Being able to accurately estimate extents of different magnitude floods is a critical application in water resources. This information is needed to assess risk for insurance, emergency management, and planning. Lidar is quickly becoming the predominant source of topographic data for floodplain delineation. This is because it's both accurate and cost-effective.
Flood extents are typically estimated by comparing models of water surfaces and ground surfaces. Water surface profiles for a given flood event (for example, 50-year flood) are created by a hydraulic engineer or hydrologist using tools like HEC-GeoRAS. Each profile represents the height of water across the river at a given location. The length of each profile is long enough to capture the largest possible flood extent going out from either side of the river. Profiles are generated at reasonable intervals along the river where the flooding is being modeled.
- Each water profile might simply be assigned one z-value: the height of the water at the center of the river at that location. These profiles can be used to create a water surface TIN. Create a TIN from the water profile lines using the Create TIN geoprocessing tool. Add the water profiles to the TIN as soft breaklines.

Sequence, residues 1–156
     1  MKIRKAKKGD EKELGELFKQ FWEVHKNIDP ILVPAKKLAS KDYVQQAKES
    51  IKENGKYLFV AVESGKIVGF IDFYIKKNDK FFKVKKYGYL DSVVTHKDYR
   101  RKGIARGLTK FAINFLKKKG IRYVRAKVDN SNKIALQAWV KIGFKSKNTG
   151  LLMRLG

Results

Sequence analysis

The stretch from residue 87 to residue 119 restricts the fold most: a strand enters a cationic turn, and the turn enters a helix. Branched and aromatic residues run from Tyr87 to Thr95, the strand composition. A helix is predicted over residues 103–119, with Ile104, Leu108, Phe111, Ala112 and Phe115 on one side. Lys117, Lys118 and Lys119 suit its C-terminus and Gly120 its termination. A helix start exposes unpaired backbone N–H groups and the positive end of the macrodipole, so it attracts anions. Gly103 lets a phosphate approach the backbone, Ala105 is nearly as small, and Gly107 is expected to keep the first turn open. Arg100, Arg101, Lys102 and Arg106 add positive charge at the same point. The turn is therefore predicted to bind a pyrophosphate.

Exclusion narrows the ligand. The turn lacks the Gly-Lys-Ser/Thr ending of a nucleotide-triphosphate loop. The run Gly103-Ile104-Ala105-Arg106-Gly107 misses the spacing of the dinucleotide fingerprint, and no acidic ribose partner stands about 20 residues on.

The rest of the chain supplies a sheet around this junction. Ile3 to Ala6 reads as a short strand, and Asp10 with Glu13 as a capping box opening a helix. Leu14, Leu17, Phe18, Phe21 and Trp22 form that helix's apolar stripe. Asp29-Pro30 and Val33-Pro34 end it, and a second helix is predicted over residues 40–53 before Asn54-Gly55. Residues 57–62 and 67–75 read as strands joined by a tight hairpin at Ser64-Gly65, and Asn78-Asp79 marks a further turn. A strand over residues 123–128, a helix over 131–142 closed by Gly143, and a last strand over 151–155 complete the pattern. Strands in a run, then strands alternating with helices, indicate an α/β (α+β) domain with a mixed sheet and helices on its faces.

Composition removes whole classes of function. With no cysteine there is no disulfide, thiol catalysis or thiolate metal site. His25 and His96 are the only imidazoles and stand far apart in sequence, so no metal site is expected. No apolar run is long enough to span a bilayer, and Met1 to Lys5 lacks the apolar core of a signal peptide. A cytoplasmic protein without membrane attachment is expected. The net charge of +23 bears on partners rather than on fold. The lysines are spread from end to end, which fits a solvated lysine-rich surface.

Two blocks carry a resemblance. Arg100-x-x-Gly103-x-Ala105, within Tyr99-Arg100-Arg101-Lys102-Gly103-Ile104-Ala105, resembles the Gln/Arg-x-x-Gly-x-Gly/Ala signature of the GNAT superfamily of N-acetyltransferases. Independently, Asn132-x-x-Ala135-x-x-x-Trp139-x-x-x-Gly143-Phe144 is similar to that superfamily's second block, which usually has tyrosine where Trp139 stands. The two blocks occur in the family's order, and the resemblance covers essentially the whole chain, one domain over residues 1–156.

- Run the Surface Difference geoprocessing tool using the water surface TIN and a bare earth terrain made from lidar points as inputs. See Creating raster DEMs and DSMs from large lidar point collections to see how to make a bare earth terrain dataset.
Surface difference results
The primary output from the Surface Difference tool is a polygon feature class. Each polygon is classified as either ABOVE, BELOW, or EQUAL so you can tell where the modeled water surface is above the terrain dataset. These areas are potentially flooded.
The actual flooded areas might not be equivalent to all polygons classified as ABOVE. This is because some of these areas might not actually be reachable by the river and its floodwaters because of intervening hills. To identify the ABOVE polygons that are connected to the river, you can use a spatial selection—select those polygons that are intersected by a line representing the river.
The Surface Difference tool provides an option to output a difference raster. Positive cell values in this dataset represent depth, which is another important piece of information in flood studies. More accurate damage estimates can be made if the water depth is known.